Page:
There are some common mistakes that even seasoned PR pros make when pitching partnership invitations and content ideas to dad bloggers. Here’s a look at how to avoid them:
Lesson 1: Names matter. Before you even think about contacting a particular dad blogger, figure out what his name is. For instance, although my blog is called “Backpacking Dad,” a quick glance at the “About Me” page will tell you my name. I enjoy talking to people who use my name. I am OK with talking to people who call me “Backpacking Dad,” though this is a clear sign to me that my conversation partner has not put much effort into our relationship (which then bodes ill for our future). Some dad bloggers do not offer their name anywhere, but you’d better look first. Unless you’re one of my two children, don’t address me as “Dad.” And if you call me “Mom” in your e-mail, I will delete it without responding.
Lesson 2: Follow the rules. Some bloggers have done you a favor by offering a small message for PR pros. Mine is called “Make Me an Offer,” because I think I’m funny. I lay out some basic information there, nothing too detailed, but it is there. One item on that page is a test: If you send me an e-mail with “O Captain My Captain” in the subject line I will definitely read it, reply to it, and be immediately inclined to think well of you. This is not because you have flattered me with a phrase from “Dead Poets Society,” but because I can tell before I even open the e-mail that you have made an effort to find out some things. Good for you. Moreover, since this is a bit cheeky (again, because I think I’m funny), you will have proven that you are willing to engage on my level and not just treat me as another entry in a spreadsheet to be checked off. If a dad blogger has a PR page, read it. And play along.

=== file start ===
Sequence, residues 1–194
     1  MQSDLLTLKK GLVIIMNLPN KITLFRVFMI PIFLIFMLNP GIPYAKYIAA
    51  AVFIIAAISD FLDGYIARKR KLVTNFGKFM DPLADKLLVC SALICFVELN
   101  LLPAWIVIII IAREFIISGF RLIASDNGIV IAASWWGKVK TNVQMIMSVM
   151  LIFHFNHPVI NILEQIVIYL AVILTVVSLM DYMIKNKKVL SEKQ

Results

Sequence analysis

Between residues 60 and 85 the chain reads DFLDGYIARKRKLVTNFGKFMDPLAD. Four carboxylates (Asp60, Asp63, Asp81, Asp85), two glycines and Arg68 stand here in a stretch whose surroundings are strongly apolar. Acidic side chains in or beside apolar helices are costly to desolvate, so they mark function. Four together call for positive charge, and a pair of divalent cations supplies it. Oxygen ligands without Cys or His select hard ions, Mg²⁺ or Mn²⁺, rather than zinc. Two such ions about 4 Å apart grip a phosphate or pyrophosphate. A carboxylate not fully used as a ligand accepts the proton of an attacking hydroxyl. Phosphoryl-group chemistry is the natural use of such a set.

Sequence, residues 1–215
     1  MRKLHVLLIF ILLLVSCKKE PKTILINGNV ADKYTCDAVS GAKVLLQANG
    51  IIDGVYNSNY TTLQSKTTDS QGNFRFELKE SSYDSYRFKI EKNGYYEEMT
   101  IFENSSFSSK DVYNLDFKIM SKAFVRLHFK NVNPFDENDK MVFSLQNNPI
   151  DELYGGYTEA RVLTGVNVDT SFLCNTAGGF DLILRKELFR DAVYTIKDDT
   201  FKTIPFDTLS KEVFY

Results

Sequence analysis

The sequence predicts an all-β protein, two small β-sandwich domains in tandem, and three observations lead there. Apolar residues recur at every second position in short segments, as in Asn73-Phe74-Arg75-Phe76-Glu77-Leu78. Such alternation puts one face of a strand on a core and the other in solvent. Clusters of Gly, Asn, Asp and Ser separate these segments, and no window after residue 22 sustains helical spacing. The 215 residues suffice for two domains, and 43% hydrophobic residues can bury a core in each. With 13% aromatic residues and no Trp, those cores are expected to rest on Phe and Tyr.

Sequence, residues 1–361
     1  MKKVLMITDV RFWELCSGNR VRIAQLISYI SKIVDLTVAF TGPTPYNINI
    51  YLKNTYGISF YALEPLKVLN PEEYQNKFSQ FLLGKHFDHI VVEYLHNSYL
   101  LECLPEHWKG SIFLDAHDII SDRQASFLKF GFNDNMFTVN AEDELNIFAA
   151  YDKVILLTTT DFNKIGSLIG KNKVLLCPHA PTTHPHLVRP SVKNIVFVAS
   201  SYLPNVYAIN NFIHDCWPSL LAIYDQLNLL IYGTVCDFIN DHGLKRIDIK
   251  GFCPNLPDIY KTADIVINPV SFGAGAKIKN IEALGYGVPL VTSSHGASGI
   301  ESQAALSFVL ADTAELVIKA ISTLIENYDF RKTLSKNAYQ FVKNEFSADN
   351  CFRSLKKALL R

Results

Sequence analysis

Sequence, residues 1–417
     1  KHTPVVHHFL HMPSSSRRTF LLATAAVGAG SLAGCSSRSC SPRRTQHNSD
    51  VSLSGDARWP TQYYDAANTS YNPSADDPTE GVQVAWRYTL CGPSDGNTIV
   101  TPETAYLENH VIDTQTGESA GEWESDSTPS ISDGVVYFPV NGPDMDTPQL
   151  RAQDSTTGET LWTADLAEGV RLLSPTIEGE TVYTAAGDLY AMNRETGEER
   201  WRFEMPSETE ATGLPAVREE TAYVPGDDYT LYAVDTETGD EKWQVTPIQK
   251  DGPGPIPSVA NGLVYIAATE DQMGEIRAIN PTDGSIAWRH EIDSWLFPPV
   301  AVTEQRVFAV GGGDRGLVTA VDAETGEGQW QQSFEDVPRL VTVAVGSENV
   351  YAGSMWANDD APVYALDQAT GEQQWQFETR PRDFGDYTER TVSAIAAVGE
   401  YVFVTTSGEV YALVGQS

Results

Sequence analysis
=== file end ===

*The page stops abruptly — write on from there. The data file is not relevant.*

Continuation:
Lesson 3: Make the dad blogger feel special. If a dad blogger receives a pitch and gets a sense that it is at all cookie-cutter, he will be turned off. If it seems like it’s not only cookie-cutter, but cookie-cutter and directed at moms with some small edits, it will end up in the trash folder. This happens all the time, with dad bloggers receiving afterthought pitches when someone realizes that there is another avenue of communicating with readers. As I said above, using my name is a great idea. Tailoring a pitch will also work wonders for you. It doesn’t take much time: “Hey Shawn, I see from your recent post that you just got back from Canada. I have a great travel product that I think you might appreciate the next time you go….” That was two sentences, and it required a short scroll down the front page of my blog, but it would keep your e-mail from getting deleted. And it will almost certainly get a reply from me. I don’t know that I would actually be interested in your idea, but I’d be willing to let you tell me some more about it.
Lesson 4: Know the audience. When you pitch to mom bloggers you have a built-in benefit: Most readers of mom blogs are women, and many of them are moms. Guess what. Most readers of dad blogs are women, and many of them are moms. This leaves you with a problem. When you’re pitching an idea to a mom blogger it can usually be assumed that if the blogger herself likes it, her audience, by and large, will like it as well. There is dissonance with dad bloggers: Many things we like we’re unsure whether our readers will find worthwhile, and many of the things our readers like we won’t find interesting. There is a large overlapping area, but as the PR pro you need to pitch within that area, or the odds are the partnership will not work. Sometimes, with a good relationship in place, a dad blogger will venture outside his areas of interest for the sake of entertaining or informing his audience rather than just amusing himself, but you can’t open with that move. Pitch within the overlap. Movies, parenting resources that are not mom-centric, toys, travel—topics like these are more likely to gain and keep a dad blogger’s interest than a riding lawn mower or new fashion ideas.
Lesson 5: Know the writing. For you to be effective, know whether your idea fits the tone of the blogger’s writing. Many dad bloggers aim for humor to connect with and keep their audience interested. Not all of them, and not all the time. But you are more likely to connect with a dad blogger if your idea is fun or funny than if it is merely useful or informative.
Shawn Burns blogs at backpackingdad.com/.